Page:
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Choosing a Major, Choosing Career–Taking the Stress Out


Today a client and I had a long conversation about how to report her intended college  major on her applications.  She has been stressing out about it.  She has many,  many interests and an equal number of talents.  And she just can’t decide what to be when she grows up.

I told her to join the club.

First, let’s take a look at the philosophical implications of choosing a major.  In the grand scheme of things, a major isn’t all that important.  Even career advisers say so.  For example, the Tufts Daily ran an article last week attesting to the fact that the choice of major does not greatly affect career options for students as they graduate from college.  The fact is that beyond your first job out of college, your major won’t matter.  You’ll learn new skills on the  job, and your career will mutate and morph as the economy evolves, and (more important) as your own understanding of where your interests and talents lie.

To give you more insight, you might want to take a look at a recent guest post in which a recent college grad recounts his own experience in choosing a major and making career choices right out of college. His conclusion is that what’s important is that  you love what you are learning and that you build experiences, contacts, and skills that will help  you pursue the jobs that most interest you.

The fact is, your job–and your career–will likely change many times before you retire.  An article from the New York Times last week admonishes parents (and college counselors) that it’s sort of unrealistic to expect that an 18 or 22 year-old can or should make career decisions as if they are making a decision that  is lifelong and permanent.  We all have the option of changing our priorities, of chasing new careers, of refashioning our professional selves at many different points throughout our lives.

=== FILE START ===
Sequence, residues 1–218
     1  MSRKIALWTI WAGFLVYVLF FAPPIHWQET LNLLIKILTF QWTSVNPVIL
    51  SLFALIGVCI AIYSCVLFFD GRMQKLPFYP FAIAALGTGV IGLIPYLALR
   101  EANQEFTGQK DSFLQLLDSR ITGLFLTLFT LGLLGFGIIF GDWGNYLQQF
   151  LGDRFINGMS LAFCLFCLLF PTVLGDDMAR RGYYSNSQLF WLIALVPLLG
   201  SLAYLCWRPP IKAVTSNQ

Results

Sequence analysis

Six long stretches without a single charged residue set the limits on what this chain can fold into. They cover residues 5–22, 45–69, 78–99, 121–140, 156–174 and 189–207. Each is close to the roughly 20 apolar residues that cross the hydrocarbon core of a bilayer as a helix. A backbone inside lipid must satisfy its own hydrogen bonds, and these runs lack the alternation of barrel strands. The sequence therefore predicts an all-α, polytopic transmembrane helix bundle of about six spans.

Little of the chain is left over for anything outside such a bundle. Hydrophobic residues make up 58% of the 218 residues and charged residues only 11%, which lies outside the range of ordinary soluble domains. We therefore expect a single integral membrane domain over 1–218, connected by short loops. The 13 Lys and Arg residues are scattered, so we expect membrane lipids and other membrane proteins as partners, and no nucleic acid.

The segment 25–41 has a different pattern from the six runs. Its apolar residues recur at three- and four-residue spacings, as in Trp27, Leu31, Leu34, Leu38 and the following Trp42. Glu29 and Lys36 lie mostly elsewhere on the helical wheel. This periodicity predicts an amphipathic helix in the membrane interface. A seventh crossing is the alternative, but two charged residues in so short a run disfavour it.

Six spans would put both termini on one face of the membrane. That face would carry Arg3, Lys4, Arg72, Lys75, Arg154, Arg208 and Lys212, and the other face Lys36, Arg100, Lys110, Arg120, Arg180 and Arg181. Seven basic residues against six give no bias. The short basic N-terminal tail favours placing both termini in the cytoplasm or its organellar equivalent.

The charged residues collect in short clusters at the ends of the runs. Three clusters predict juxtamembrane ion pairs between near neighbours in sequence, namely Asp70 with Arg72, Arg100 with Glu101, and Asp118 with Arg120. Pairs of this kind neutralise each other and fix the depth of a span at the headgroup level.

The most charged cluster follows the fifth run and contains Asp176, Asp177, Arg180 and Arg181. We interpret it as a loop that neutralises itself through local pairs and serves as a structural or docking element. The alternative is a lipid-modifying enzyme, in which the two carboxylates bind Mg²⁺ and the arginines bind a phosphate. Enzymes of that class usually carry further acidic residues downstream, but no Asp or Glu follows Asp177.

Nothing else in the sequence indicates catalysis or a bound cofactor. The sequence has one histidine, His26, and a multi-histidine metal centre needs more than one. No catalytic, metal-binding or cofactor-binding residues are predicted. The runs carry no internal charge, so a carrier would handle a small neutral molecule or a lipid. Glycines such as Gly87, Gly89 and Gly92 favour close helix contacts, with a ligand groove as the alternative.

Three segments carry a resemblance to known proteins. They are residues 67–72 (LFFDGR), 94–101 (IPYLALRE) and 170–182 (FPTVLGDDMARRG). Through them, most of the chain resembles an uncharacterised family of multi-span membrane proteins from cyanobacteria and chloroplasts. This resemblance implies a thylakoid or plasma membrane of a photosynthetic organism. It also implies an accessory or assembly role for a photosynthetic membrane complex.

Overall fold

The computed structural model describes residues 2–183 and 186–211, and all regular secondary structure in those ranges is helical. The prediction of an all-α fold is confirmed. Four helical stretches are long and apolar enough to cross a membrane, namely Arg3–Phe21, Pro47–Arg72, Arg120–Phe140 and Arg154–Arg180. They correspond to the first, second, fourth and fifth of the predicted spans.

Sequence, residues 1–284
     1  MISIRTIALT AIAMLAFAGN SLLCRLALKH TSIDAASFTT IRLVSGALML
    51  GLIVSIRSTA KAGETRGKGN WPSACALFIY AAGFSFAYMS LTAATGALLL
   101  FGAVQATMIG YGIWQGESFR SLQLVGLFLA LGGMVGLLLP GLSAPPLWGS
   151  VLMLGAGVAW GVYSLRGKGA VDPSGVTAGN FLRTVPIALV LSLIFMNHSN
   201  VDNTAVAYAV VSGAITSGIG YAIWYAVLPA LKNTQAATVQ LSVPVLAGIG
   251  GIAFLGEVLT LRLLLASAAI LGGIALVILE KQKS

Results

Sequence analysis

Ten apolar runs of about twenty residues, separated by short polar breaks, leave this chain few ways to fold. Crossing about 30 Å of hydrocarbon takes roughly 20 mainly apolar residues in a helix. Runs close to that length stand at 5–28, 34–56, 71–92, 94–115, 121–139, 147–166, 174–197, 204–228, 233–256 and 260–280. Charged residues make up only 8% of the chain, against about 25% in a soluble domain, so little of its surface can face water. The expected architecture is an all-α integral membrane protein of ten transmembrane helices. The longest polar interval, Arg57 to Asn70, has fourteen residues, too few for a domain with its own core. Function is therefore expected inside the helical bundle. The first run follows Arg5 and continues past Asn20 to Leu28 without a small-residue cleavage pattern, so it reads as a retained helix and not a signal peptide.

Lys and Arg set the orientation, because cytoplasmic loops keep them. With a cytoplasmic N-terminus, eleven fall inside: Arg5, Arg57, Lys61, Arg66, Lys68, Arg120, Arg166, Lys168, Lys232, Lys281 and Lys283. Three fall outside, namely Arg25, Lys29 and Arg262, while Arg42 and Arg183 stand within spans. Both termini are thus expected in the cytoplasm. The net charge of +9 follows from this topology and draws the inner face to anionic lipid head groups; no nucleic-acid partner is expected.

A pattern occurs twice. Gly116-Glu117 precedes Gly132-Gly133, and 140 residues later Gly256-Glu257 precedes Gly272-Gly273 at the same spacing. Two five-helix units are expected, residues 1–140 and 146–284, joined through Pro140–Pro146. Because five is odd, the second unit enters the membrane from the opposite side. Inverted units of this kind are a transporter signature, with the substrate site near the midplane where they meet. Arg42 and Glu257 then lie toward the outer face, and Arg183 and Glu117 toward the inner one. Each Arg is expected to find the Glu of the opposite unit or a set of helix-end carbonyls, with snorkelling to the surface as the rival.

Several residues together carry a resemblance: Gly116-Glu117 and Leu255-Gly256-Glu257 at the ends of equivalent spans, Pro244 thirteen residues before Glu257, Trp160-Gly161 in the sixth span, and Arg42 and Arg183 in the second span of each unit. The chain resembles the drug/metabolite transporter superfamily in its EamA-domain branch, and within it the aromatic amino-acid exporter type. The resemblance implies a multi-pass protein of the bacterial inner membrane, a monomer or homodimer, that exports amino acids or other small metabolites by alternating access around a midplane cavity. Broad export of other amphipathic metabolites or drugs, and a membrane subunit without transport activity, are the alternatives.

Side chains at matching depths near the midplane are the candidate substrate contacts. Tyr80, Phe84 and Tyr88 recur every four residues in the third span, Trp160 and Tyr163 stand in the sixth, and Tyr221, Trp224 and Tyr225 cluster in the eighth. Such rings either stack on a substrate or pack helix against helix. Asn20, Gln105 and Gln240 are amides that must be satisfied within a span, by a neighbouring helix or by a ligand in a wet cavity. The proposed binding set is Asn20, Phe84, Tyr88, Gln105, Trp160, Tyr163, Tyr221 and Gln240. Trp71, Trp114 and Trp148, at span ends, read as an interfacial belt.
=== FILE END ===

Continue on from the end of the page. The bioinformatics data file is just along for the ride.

So from a counseling point of view, I tell most of my students not to stress out about college majors and career choices.  If a student has interests in engineering or business or other specialized fields, it does make sense to understand the requirements necessary to enter those fields.  For example, if there is a possibility that a student wants to go to medical school, then she should know what the prerequisites are and thus be careful to complete them.  Or an prospective engineer may have to major in engineering from the get-go (but he may change his mind down the road as he learns more about engineering and about himself).  Undecided does not mean “without decisions.”  It’s smart to know what the options are and how to keep options open for as long as possible.

However, with regard to completing college applications, there are times when it makes sense to declare a major.  Why?  Because admissions officer are also social engineers. They are looking for people to populate certain departments.  Especially those hard-to-fill ones like art history, anthropology, music (at some schools) and the arts, and others.  So if you  have a passion or skill that you plan to share on campus, it certainly doesn’t hurt to express that focus by announcing your intention to major in that subject.  Similarly, if a college has a particular strength or reputation in a certain issue, it makes sense to tell the admissions folks that one of the reasons that you are applying to that school is the excellence of that department–you are showing that you have thought about what makes that school a good fit for you.

Still the majority of students heading to college are undecided.  It’s okay in America to be undecided.  Most of us are still undecided.  We’re exploring, discovering, and learning.  And isn’t that what it’s all about, anyway?

Mark Montgomery
Educational Planner

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